Let us remember how we may find here an illustration of another great truth, that the smallest things, done in the course of the quiet discharge of recognised duty, and being, therefore, truly worship of God, have in them a certain quality of immortality, and may be eternally commemorated. It was not only the lofty and unique expression of devotion, which another woman gave when she broke the alabaster box to anoint the feet of the Saviour which were to be pierced with nails to-morrow, that has been held worthy of undying remembrance. The name and act of a poor slave girl have been commemorated by that Spirit who preserves nothing in vain, in order that we should learn that things which we vulgarly call great, and those which we insolently call small, are regarded by Him, not according to their apparent magnitude, but according to their motive and reference to Him. He says, ‘I will never forget any of their works’; and this little deed of Rhoda’s, like the rose petals that careful housekeepers in the country keep upon the sideboard in china bowls to diffuse a fragance through the room, is given us to keep in memory for ever, a witness of the sanctity of common life when filled with acts of obedience to Him.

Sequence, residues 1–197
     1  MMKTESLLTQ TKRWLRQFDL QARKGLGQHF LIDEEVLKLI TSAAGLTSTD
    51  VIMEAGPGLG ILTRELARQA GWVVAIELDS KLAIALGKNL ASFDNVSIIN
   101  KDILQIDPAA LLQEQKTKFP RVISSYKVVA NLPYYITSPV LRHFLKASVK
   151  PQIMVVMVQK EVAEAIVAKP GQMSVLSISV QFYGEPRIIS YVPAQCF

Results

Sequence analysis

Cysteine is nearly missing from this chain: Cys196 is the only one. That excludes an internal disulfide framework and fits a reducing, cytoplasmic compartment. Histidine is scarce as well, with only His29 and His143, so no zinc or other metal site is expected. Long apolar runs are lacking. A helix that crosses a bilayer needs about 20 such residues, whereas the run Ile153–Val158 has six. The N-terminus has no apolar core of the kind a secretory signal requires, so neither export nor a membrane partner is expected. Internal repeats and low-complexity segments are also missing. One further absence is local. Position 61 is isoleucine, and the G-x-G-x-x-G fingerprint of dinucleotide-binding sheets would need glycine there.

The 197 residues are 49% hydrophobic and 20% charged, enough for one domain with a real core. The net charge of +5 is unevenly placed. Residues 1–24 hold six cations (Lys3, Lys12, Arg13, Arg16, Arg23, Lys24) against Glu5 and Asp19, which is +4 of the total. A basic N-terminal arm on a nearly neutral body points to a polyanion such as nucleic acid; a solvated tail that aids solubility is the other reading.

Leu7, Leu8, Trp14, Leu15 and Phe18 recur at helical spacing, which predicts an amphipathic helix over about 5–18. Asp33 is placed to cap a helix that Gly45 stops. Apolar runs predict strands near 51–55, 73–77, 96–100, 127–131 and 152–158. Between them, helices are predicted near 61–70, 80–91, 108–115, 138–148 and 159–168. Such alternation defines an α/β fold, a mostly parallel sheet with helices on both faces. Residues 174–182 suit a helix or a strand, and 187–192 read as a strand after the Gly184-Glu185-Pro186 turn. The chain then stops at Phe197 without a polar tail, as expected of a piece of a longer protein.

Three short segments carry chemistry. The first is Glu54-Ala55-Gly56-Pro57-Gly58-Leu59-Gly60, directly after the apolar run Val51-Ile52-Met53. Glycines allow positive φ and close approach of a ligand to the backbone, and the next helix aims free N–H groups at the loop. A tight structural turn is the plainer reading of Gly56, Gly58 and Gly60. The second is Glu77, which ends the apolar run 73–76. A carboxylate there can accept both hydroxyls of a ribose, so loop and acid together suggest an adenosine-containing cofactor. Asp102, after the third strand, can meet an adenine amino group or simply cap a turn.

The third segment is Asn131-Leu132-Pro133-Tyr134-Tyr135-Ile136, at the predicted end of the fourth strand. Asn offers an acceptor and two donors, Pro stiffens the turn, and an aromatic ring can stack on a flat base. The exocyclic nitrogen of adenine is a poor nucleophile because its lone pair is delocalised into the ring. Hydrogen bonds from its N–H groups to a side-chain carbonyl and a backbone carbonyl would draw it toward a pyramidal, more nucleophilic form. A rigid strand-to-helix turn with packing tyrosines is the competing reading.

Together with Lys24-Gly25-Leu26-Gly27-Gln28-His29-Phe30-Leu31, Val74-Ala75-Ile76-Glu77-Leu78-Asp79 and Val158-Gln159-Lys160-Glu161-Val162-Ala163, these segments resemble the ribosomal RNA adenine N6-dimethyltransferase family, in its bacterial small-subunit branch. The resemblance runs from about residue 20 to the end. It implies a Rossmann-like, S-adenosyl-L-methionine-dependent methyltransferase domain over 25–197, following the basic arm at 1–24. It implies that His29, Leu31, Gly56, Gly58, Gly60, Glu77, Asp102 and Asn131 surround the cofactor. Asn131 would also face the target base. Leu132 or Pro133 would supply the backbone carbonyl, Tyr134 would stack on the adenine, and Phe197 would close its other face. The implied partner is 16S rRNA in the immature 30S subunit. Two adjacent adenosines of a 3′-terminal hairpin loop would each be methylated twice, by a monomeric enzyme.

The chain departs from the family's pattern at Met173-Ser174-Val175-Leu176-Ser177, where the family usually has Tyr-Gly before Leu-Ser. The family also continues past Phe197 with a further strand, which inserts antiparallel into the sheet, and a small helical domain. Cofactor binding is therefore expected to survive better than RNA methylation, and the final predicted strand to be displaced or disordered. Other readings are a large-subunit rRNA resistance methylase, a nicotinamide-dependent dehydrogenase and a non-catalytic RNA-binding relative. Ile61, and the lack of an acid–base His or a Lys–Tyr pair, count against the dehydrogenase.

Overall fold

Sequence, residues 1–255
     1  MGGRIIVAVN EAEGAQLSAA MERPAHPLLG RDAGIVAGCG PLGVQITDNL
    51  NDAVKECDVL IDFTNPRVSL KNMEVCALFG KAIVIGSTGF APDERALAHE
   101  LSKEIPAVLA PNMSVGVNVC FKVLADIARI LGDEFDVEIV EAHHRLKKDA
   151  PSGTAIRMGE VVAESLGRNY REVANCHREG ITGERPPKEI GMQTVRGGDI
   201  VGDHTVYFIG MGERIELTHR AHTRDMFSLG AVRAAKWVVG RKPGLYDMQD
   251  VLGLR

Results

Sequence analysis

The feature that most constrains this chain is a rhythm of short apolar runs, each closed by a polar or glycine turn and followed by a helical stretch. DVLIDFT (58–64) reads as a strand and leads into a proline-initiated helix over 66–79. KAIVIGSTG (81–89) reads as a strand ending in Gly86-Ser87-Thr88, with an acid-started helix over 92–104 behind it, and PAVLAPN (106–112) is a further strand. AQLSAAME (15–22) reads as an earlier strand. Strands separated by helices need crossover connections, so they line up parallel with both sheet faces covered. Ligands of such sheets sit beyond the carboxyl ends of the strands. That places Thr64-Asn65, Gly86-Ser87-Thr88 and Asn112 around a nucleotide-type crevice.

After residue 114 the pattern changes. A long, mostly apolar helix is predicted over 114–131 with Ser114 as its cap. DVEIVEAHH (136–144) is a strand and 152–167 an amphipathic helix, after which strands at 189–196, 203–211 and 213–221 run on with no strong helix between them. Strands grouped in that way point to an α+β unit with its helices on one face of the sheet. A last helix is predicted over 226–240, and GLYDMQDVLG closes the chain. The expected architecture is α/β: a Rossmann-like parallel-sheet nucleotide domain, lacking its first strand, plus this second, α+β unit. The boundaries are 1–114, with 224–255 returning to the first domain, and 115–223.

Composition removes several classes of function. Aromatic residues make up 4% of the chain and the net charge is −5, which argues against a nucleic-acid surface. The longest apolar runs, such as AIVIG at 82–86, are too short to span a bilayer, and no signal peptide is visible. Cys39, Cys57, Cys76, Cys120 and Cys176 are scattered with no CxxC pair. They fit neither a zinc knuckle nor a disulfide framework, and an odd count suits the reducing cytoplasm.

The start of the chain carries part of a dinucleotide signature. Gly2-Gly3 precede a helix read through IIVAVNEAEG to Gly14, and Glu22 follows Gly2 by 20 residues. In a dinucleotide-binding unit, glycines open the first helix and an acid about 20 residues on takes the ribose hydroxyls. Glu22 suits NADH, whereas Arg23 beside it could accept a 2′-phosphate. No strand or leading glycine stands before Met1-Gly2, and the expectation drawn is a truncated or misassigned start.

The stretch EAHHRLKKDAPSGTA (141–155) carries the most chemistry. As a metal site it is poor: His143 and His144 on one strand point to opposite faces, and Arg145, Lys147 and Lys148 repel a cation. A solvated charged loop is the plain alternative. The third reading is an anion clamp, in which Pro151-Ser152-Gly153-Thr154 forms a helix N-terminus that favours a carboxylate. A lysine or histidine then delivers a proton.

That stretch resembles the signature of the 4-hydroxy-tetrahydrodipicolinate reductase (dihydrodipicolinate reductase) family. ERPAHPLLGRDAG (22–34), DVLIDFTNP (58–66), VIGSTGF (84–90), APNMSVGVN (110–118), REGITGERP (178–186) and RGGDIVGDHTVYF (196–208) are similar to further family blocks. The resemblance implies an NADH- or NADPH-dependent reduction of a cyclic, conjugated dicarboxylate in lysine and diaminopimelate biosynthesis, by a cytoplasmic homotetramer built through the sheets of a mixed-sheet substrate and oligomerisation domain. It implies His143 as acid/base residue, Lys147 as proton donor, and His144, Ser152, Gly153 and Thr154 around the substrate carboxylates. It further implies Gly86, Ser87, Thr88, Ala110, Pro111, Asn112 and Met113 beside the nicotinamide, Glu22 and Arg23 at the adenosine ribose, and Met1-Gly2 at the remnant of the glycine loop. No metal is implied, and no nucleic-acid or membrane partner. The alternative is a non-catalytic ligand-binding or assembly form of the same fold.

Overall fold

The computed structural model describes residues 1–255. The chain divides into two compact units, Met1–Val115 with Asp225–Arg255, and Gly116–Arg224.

III. The same figure of the ‘damsel named Rhoda’ may give us a warning as to the possibility of forgetting very plain duties under the pressure of very legitimate excitement.